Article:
TORONTO (Reuters) - The Canadian dollar ended on a weaker note on Friday, tumbling away from parity with the greenback after data showed softer jobs growth in March than expected.
The Canadian currency fell as low as C$1.0084 to the U.S. dollar, or 99.17 U.S. cents, as investors reacted to the jobs data, which eased pressure on the Bank of Canada to raise interest rates. Before release of the jobs data, it was trading close to one-for-one with the U.S. dollar.
Canada’s economy added a net 17,900 jobs in March, following gains of 20,900 in February and 43,000 in January. The unemployment rate remained steady at 8.2 percent.
Expectations had been for an increase of 25,000 jobs and an unemployment rate of 8.2 percent.
“There was some talk on the Street that the job gains in March would be significantly higher than the 25,000 expected by the market. When it turned out we didn’t get that level of job growth in March it more or less sucked the air out of the Canadian dollar,” said Millan Mulraine, economics strategist at TD Securities.
“The Canadian dollar never fully recovered from that drop.”
The currency finished the session at C$1.0040 to the U.S. dollar, or 99.60 U.S. cents, down from Thursday’s close at C$1.0028 to the U.S. dollar, or 99.72 U.S. cents. It rose 0.4 percent on the week.
“It’s softer than expected, but not soft numbers,” Matthew Strauss, senior currency strategist at RBC Capital Markets, said of the employment report.
“As a result, it doesn’t really change our outlook on the Bank of Canada or interest rates going forward. We’re still looking for the tightening process to start in the summer of this year, and most likely July.”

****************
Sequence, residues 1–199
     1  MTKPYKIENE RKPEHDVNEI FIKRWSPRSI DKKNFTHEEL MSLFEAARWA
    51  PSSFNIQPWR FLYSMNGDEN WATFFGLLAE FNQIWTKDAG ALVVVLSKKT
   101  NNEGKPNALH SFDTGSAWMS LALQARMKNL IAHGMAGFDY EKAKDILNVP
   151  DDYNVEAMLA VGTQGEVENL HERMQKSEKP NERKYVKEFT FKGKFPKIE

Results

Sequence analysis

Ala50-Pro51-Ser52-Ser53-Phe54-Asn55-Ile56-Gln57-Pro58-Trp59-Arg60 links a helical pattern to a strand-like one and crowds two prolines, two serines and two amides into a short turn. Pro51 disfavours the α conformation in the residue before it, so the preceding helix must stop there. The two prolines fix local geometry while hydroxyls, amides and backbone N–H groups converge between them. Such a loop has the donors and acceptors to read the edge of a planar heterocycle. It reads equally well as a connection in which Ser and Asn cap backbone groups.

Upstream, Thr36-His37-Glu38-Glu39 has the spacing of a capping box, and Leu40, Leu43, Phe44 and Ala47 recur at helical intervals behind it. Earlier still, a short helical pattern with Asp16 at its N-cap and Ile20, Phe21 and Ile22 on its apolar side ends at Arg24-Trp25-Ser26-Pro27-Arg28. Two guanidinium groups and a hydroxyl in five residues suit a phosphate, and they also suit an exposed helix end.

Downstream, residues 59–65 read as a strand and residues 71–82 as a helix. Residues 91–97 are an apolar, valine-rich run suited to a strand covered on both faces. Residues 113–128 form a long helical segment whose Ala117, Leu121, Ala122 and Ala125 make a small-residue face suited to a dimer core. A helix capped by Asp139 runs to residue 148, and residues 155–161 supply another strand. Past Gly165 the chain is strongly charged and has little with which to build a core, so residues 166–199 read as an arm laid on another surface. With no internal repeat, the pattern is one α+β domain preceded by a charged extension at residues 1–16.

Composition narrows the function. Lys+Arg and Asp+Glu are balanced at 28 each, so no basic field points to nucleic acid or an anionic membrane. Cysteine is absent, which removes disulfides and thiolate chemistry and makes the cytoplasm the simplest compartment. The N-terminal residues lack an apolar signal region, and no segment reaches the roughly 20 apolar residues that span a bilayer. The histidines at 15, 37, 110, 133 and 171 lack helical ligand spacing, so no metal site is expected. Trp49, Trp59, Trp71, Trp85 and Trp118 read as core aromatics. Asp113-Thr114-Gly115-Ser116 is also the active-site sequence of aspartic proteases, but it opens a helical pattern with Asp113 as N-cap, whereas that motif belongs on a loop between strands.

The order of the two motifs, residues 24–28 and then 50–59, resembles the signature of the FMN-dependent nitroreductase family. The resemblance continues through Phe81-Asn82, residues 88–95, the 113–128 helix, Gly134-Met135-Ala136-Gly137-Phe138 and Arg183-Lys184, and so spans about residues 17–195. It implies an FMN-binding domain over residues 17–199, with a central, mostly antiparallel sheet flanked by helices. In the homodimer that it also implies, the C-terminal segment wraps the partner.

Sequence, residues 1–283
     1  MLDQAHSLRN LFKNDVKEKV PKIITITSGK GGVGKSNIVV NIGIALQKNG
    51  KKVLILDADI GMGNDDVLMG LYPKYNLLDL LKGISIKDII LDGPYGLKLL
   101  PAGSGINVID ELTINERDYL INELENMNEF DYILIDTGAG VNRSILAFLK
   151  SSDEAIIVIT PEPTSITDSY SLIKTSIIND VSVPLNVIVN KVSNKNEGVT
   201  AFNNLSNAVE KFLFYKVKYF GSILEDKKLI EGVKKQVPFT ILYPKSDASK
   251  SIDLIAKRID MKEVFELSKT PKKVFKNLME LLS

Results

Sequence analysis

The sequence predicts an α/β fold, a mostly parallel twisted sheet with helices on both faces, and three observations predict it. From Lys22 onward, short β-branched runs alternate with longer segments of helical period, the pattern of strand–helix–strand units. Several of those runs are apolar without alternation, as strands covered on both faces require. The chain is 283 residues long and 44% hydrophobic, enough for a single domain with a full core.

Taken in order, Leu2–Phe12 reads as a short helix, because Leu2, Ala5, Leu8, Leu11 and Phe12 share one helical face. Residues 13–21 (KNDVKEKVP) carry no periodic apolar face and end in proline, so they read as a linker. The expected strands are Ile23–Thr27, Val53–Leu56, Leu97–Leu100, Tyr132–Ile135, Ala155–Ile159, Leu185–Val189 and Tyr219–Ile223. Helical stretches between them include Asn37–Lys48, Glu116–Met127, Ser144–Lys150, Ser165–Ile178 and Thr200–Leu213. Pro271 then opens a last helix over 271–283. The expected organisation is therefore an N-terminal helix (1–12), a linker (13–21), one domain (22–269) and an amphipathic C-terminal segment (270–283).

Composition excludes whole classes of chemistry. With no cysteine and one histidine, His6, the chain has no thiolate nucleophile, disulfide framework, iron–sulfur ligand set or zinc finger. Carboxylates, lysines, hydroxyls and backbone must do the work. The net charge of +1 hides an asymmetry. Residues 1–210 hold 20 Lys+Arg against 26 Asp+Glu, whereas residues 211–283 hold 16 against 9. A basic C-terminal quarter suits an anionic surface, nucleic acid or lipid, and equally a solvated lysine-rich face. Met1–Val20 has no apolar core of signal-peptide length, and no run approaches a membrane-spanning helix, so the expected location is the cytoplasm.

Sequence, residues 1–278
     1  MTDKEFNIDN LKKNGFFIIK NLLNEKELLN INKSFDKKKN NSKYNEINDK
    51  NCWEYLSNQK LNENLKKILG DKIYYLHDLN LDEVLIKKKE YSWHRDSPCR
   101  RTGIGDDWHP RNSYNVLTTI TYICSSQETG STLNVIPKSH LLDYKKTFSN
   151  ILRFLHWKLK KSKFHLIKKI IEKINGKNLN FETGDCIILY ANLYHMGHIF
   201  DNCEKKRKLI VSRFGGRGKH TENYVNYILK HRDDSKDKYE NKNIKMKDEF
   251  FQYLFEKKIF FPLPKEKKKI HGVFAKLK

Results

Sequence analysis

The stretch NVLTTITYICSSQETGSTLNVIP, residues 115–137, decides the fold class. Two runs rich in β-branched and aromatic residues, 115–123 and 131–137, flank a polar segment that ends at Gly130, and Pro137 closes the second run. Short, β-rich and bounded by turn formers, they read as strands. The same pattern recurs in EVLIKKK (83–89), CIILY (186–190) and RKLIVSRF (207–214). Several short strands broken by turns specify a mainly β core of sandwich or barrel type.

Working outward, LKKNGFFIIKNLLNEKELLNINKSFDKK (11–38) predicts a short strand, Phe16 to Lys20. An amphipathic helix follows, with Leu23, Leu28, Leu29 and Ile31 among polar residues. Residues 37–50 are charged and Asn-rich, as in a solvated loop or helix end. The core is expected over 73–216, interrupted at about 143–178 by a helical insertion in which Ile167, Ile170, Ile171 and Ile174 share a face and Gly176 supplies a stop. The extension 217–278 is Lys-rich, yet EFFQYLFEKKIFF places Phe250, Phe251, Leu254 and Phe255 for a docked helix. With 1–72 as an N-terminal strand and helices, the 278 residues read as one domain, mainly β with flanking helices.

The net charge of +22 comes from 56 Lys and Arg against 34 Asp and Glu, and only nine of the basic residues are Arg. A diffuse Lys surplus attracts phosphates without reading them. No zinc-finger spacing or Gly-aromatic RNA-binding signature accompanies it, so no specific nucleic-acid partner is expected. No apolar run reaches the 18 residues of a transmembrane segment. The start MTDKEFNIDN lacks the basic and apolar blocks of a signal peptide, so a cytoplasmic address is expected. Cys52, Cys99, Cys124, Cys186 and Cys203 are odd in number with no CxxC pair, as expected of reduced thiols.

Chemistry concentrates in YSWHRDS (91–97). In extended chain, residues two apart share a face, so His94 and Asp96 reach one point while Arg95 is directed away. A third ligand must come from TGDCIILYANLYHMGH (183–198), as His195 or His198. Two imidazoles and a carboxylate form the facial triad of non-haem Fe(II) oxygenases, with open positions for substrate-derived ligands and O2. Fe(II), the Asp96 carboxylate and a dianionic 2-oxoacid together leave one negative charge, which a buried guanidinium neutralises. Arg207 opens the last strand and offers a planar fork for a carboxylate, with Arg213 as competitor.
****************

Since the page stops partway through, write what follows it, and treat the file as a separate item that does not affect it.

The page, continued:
Strauss added there was an “obvious knee-jerk reaction” after the soft job numbers, but he noted there was still an increase and the data did not take away from the improving trend in Canadian employment.
The Bank of Canada has made a conditional pledge to hold its key interest rate at a record low of 0.25 percent until the end of June, provided inflation stays tame.
“This still is very much in line with the Bank of Canada raising rates beginning in July, which the market has fully priced in,” said Avery Shenfeld, chief economist at CIBC World Markets.
“It wasn’t a barn-burner report. There were certainly some who were looking for a stronger number ... but it doesn’t dramatically alter the fundamentals for the currency.”
Strauss said a firmer tone in investor risk appetite as seen in North American equities helped the Canadian dollar claw back from low levels.
Canadian bond prices rose after the jobs report in a knee-jerk reaction, but quickly came off their highs, Strauss said.
As well, TD’s Mulraine said prices also got support from underlying concerns about Greece’s debt woes.
“Even though we’ve had the Greek situation on us for months now, every day something happens that seems to cause some movement in the market. Today we did have the downgrade of Greek bonds by Fitch ... that certainly has engendered a bit of a risk aversion trade,” he said.
The two-year government bond rose 6 Canadian cents to C$99.38 to yield 1.835 percent, while the 10-year bond climbed 23 Canadian cents to C$100.75 to yield 3.653 percent.
Canadian government bonds outperformed U.S. issues, with the Canadian 10-year yield 23.1 basis points below its U.S. counterpart, compared with around 20 basis points the previous session.
Additional reporting by Claire Sibonney; editing by Rob Wilson